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With multiple advanced degrees in aerospace science, Emily Calandrelli could have had her pick of any project in earth and space science. Instead, she has chosen to use her skills in science policy and communication to break down complex science topics, advocate for women in STEM fields, and bolster enthusiasm for the next generation of scientists through her own Netflix show and an active slate of social media accounts. Emily’s platform is huge, but it's one that she wholeheartedly embraces.
In this interview with the I-Connect007 Editorial Team, Emily talks about her unconventional entry into science, what’s ahead for space commerce, advice for industry leaders, and what she really thinks about going into space.
Michelle Te: Emily, thank you for joining us today. I understand you didn’t really have a traditional path into science. How did you get into a STEM field?
Emily Calandrelli: I’m from West Virginia, and I am the first person in my family to pursue a degree in STEM. Growing up, I didn’t have anybody I knew who was a scientist or an engineer. But as a very practical high school senior, I Googled every college major and looked at each one’s starting salary—that’s how I chose to go into engineering. A lot of my peers in the industry have these beautiful stories of taking apart a radio when they were a kid or going to a rocket launch, but my path was different.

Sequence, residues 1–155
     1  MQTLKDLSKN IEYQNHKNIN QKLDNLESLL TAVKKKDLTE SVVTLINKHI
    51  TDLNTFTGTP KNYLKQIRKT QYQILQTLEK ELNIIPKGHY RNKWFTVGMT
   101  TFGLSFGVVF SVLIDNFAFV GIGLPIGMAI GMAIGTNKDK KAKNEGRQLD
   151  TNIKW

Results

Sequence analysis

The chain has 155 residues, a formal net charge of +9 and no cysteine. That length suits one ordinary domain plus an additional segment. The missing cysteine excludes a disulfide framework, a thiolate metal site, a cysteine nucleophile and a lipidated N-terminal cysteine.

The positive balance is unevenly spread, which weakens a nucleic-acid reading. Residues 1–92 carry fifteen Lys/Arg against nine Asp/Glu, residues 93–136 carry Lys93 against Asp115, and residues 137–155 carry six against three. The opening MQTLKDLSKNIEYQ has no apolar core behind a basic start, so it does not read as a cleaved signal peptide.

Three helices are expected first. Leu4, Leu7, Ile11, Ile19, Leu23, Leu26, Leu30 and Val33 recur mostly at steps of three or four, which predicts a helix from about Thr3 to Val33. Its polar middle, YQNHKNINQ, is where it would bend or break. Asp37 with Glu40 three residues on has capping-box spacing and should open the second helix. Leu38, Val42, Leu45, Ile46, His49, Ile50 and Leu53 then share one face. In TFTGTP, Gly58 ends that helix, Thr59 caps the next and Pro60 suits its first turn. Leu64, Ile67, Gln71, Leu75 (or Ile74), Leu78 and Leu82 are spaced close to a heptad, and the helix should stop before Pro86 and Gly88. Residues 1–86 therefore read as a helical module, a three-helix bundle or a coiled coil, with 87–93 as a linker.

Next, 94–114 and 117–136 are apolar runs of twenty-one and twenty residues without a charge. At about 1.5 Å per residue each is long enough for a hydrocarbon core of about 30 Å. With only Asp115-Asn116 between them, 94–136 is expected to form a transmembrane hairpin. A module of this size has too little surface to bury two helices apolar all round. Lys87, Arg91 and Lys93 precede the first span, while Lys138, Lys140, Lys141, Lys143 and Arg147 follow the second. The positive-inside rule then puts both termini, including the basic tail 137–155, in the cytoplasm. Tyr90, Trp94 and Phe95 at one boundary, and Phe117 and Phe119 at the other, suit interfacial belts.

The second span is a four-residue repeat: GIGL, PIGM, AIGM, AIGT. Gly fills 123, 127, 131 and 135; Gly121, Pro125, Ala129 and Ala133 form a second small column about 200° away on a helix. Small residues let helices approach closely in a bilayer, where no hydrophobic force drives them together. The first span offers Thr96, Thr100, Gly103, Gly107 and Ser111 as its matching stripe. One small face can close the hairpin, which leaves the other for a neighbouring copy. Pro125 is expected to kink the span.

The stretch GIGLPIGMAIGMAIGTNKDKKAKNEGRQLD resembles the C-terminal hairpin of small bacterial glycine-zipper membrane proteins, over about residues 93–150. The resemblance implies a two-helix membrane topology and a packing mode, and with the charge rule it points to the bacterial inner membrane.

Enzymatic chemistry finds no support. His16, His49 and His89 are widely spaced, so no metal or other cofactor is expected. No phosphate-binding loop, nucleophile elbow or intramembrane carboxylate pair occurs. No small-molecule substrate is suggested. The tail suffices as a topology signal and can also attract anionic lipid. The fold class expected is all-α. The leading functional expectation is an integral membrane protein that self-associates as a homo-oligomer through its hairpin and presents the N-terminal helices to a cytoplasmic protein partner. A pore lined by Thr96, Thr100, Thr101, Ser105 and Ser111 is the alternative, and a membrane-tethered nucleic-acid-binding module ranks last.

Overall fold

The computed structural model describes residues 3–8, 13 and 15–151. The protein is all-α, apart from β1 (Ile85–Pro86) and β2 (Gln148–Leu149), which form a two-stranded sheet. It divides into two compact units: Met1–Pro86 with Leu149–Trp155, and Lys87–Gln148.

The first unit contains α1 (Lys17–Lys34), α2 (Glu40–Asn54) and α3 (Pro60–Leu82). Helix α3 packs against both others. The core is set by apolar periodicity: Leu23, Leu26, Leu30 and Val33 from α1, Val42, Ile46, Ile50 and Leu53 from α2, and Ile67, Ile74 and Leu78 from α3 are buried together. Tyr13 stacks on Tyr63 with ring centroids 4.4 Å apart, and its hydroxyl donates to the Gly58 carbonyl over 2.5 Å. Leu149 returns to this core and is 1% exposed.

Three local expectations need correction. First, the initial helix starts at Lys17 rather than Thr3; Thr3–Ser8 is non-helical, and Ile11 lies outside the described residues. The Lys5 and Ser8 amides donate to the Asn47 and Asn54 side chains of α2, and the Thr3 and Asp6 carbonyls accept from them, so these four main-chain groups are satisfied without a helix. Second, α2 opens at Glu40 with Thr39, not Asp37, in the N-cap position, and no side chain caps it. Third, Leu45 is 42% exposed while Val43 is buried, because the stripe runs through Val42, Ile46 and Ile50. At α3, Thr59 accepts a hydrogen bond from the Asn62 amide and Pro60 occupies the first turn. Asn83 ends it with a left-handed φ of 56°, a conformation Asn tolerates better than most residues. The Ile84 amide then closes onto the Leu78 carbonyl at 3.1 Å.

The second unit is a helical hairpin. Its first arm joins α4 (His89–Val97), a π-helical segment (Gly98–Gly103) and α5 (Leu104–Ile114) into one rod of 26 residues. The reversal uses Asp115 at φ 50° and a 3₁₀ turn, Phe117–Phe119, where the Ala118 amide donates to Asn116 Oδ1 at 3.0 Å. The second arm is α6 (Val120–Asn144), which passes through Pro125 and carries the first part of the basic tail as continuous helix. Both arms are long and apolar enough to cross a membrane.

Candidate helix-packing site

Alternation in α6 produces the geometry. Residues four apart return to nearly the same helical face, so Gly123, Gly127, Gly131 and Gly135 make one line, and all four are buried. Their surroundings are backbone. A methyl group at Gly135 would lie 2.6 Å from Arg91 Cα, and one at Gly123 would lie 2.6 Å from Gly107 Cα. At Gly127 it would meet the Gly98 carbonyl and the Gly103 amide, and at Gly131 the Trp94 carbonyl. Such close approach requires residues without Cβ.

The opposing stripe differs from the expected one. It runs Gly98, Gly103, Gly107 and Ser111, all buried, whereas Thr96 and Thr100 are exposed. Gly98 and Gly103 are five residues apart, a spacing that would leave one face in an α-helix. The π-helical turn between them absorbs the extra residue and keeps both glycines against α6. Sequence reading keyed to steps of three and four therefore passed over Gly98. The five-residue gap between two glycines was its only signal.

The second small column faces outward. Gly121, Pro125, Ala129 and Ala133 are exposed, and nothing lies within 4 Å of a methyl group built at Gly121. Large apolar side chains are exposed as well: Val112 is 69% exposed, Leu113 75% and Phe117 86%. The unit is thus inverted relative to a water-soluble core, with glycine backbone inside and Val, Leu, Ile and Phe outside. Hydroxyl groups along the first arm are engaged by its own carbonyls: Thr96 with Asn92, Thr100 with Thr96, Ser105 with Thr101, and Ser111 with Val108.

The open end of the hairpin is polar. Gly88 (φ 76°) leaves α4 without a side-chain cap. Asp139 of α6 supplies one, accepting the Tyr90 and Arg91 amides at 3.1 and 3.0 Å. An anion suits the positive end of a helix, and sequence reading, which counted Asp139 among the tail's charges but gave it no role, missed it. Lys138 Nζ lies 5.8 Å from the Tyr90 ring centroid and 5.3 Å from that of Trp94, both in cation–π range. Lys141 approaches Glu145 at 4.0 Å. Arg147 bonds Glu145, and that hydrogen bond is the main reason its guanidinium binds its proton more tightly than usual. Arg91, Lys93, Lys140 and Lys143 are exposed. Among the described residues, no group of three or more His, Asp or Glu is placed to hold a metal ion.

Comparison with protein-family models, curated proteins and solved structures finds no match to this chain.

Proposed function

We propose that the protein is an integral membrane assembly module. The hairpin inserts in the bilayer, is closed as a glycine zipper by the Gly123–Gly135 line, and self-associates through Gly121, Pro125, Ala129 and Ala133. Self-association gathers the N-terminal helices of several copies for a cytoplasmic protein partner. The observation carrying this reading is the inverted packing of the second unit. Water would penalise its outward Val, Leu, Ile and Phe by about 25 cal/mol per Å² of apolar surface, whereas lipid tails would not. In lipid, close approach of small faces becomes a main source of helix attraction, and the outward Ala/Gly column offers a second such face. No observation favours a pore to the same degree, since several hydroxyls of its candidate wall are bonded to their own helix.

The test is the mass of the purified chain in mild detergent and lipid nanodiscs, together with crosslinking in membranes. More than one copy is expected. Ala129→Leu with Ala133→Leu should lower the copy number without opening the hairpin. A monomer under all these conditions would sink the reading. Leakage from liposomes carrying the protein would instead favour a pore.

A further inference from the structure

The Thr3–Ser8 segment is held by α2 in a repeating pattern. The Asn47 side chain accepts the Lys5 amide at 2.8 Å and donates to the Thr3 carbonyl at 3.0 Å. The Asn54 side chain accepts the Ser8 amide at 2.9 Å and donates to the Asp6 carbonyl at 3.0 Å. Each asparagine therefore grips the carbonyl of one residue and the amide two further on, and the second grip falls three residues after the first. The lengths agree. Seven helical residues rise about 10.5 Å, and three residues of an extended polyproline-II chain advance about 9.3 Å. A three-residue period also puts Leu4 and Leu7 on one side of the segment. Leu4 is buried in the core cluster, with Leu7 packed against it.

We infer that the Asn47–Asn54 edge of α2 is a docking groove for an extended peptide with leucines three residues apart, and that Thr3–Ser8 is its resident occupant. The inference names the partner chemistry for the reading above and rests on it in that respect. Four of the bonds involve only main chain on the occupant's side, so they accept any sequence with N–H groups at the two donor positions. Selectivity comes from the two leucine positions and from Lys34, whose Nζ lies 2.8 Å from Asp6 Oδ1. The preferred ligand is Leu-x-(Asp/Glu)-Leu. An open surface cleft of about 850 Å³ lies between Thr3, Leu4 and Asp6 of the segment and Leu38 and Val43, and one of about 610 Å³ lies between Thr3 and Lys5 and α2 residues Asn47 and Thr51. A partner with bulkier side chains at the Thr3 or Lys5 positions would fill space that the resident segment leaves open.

My dad grew up in poverty and worked his way up to middle class, which is how my family grew up. With that legacy in the back of my mind, my priority was getting a good job. That’s how I chose engineering. But once I was in the field, I learned about all the incredible adventures I could have as a student in STEM. I was able to join Engineers Without Borders and traveled to Mexico with a project. I lived in China and got paid to do research there for three months. I worked at NASA and traveled the country doing internships and research, and I got paid for it all.
That was absolutely surprising to me. I didn’t realize how many adventures you could have. My story is one of reluctantly joining this industry, then enthusiastically staying and sharing everything I’ve learned about it with other kids like me. That is where my passion for communication comes from.
Dylan Nguyen: You talked about the issues with women in STEM fields in your keynote. What advice do you have for young girls going into a STEM career?
Calandrelli: What has benefited me the most has been having a strong-knit group of women who are also in STEM. As a woman in this field, you will face challenges or simple annoyances, or sometimes larger issues, and it is so incredibly helpful to have a community of like-minded people who have gone through similar challenges to help you get through those things.
To read this entire interview, which appeared in the 2023 issue of Show & Tell Magazine, click here.